The pro-Israel lobby may be dancing for joy (or should we say relief) this week, but it is only a month or two since they were publicly booing senior Bush officials in Washington. Their excited response to the president’s speech is more a reflection of how defensive the Israeli lobby has become, and how far its aspirations have been lowered. The underlying siege mentality in Israel is better captured by the current construction of a huge security fence along the state’s pre-1967 borders, from behind which Israeli forces launch punitive raids into the West Bank. As desperate Jewish settlers have protested, this move paves the way for an effective strategic retreat from the occupied territories.
Washington will no longer go to war for Israel, yet it fears the consequences of simply letting everything unravel. So we are left with this uncertain standoff, where policy appears to veer about with the president’s mood swings. Where it will all end remains to be seen. Certainly the Bush administration does not have a clue.
For now, all those peace activists and solidarity movements demanding more Western intervention in the Middle East have surely got what they asked for. They now rightly protest that the Palestinian people, not President Bush, must be allowed to choose their own leaders. Yet the anti-Israel campaigners are the ones who have called on the USA, the UN, the EU and every other outside body to sort out the Middle East. The result of the latest Western intervention will only be to destabilise and stir things up further, prompting another round of conflict. Bush may be playing fantasy foreign policy, but so long as the world looks to America and the West to solve the problems of the Middle East, his half-cocked initiatives will have dire consequences for the peoples of the region.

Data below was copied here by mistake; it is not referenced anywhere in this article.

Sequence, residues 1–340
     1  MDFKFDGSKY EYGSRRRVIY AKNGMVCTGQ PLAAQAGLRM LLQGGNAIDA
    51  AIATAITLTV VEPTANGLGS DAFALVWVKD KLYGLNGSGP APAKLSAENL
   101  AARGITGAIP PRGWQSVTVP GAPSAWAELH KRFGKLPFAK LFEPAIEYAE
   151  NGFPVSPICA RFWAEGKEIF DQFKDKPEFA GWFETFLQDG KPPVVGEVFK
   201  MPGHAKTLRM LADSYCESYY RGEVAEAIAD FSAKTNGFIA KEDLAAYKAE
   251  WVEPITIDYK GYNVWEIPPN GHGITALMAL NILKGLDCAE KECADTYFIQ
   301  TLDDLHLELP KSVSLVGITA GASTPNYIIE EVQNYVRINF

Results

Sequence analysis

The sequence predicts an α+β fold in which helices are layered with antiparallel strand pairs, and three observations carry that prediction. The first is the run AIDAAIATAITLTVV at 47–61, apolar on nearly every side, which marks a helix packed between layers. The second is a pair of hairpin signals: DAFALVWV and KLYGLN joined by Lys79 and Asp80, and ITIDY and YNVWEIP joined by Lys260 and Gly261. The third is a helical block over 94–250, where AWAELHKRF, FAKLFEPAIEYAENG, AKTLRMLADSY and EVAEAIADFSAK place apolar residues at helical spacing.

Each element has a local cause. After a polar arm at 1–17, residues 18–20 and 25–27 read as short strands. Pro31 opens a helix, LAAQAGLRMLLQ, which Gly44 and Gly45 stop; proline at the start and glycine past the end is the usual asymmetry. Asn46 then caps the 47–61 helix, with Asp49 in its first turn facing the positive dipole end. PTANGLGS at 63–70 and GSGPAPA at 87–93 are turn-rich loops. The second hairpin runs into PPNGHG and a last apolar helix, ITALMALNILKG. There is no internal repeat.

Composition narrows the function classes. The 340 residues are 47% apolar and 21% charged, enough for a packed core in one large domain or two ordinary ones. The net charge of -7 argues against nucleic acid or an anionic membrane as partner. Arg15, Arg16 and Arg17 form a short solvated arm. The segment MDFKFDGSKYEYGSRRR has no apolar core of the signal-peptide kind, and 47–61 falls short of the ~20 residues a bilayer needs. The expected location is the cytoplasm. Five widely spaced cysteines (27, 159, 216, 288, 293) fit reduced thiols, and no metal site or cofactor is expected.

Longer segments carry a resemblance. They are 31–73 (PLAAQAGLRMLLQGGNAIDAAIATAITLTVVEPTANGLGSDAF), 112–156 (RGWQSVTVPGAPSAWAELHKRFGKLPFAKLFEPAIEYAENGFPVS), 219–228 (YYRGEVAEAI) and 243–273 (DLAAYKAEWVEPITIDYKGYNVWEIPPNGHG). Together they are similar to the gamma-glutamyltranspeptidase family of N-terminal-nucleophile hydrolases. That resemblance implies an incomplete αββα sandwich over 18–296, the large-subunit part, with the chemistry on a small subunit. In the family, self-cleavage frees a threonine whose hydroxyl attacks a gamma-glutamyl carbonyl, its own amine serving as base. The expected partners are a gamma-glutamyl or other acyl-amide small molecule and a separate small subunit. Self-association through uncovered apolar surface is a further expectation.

There is no instant recipe for peace in the Middle East. But the solution must come from within. The real lesson of history is surely that the last thing the region needs is any more plans, doctrines, peace processes or interventions announced on the White House lawn.
Mick Hume is editor of spiked.
The anti-imperialism of fools, by Mick Hume, New Statesman, 17 June 2002
(1) Bush urges immediate work on Palestinian state, New York Times, 9 June 2002; Bush sees Sharon and says times isn’t ripe for peace conference, New York Times, 11 June 2002
(2) ‘White House is working to nail down Mideast plan’, New York Times, 7 June 2002
(3) Sharon rejects proposals for interim Palestinian State, New York Times, 17 June 2002